Why A Resurgence In Dealmaking Is Working Wonders For This Hedge Fund Strategy

Why A Resurgence In Dealmaking Is Working Wonders For This Hedge Fund Strategy
Stéphane Renevier, CFA

over 2 years ago5 mins

  • When one company acquires another, it buys the stock at a premium to the current market price, only for the stock price to catch up when the deal closes.

  • Merger arbitrage strategies go long on the target company and short on the acquirer when the deal is announced, and they make money every time it succeeds.

  • And despite some risks, merger arbitrage strategies do seem quite attractive right now – and there are three ETFs you can invest to take advantage.

When one company acquires another, it buys the stock at a premium to the current market price, only for the stock price to catch up when the deal closes.

Merger arbitrage strategies go long on the target company and short on the acquirer when the deal is announced, and they make money every time it succeeds.

And despite some risks, merger arbitrage strategies do seem quite attractive right now – and there are three ETFs you can invest to take advantage.

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Mergers and acquisitions dropped off a cliff last year, and they’re yet to return to former glories. But with stock markets so strong and loans so cheap, it might only be a matter of time before dealmaking picks up again. And that’ll give you a prime opportunity to benefit from one of hedge funds’ favorite strategies: “merger arbitrage”.

What is merger arbitrage?

When a company wants to buy another company, it makes an offer to purchase the stock at a premium above the current market price. That’s because it wants to incentivize shareholders of the target company to accept the deal.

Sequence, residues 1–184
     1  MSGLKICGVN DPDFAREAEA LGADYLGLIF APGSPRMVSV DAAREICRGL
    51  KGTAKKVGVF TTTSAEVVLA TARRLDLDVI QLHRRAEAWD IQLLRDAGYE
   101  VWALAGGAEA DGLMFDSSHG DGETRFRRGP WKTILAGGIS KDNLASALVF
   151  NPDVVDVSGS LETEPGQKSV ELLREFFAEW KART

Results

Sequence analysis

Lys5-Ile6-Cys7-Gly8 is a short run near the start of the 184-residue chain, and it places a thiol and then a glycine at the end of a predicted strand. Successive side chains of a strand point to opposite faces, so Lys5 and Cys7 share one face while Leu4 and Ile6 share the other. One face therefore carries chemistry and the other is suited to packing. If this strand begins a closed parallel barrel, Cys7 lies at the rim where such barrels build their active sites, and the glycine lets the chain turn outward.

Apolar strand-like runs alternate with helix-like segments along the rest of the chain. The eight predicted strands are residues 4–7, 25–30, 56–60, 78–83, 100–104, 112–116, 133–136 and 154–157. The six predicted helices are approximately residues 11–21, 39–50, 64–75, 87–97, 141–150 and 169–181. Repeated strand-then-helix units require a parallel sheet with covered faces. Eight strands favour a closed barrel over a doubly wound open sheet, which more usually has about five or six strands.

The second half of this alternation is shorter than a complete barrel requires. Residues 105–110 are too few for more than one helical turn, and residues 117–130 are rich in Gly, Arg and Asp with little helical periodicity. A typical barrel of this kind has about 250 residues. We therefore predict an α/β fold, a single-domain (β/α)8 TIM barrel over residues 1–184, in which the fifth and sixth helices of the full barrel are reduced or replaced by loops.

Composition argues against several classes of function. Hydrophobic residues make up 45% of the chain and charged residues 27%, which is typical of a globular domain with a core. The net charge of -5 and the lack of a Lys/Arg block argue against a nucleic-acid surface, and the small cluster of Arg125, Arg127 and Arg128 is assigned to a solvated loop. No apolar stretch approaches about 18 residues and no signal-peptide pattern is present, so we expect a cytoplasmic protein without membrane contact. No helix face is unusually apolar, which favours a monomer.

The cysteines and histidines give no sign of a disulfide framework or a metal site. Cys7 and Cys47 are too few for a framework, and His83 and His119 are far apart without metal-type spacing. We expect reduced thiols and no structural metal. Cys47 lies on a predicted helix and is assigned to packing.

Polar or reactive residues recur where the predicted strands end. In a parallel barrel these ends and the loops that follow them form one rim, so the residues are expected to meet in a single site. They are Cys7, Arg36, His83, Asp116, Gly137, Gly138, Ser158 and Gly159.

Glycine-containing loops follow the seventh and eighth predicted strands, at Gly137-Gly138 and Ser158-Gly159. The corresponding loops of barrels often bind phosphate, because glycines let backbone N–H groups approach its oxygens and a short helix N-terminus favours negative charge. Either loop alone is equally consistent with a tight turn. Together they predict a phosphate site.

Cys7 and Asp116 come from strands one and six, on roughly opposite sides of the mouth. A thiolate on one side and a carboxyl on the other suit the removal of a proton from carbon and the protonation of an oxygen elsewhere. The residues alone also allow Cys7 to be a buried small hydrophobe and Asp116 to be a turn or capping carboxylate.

But here’s the thing: it’s not certain that the deal will actually succeed, so the share price doesn’t immediately jump to the offer price. The difference between the two prices is called the “spread”, and the bigger the risk that the deal fails, the bigger the spread. If the deal does succeed, the price of the target company eventually rises to the offer price.

So some of hedge funds’ sharpest minds came up with a great idea: if they bought the shares of the target company and sold the acquirer’s, they’d only be taking a position on the success of the deal – and not on other factors, like the rise and fall of the stock market. For every deal they called correctly, then, they’d add to their profits.

Why is merger arbitrage so appealing right now?

Firstly, the outlook for the strategy looks promising. Merger and acquisition (M&A) activity has been relatively low considering how strong stocks’ bull market has been, but a pickup in activity is looking likely: stock markets still have strong momentum, financing costs are low, and trade tensions – which have prevented so many deals from happening in the last two years – have softened. More M&A deals would mean more opportunities, a higher level of diversification, and probably better risk-adjusted returns for the strategy.

Second, the strategy could be a good way of diversifying your portfolio. Merger arbitrage has a low correlation to stocks, bonds, commodities, and crypto. Better yet, its short positions on buyers means a crash in stocks should end up balancing out any losses it sustains on its long positions. In fact, the strategy is commonly classified as an “absolute return” strategy, meaning it’s expected to perform well in any market environment.

Third, the strategy’s easy to implement. Investors can use publicly listed exchange-traded funds (ETFs) to access a large amount of deals for a relatively small fee, across different sectors, regions and deal sizes. We’ll get onto that shortly…

What are the risks?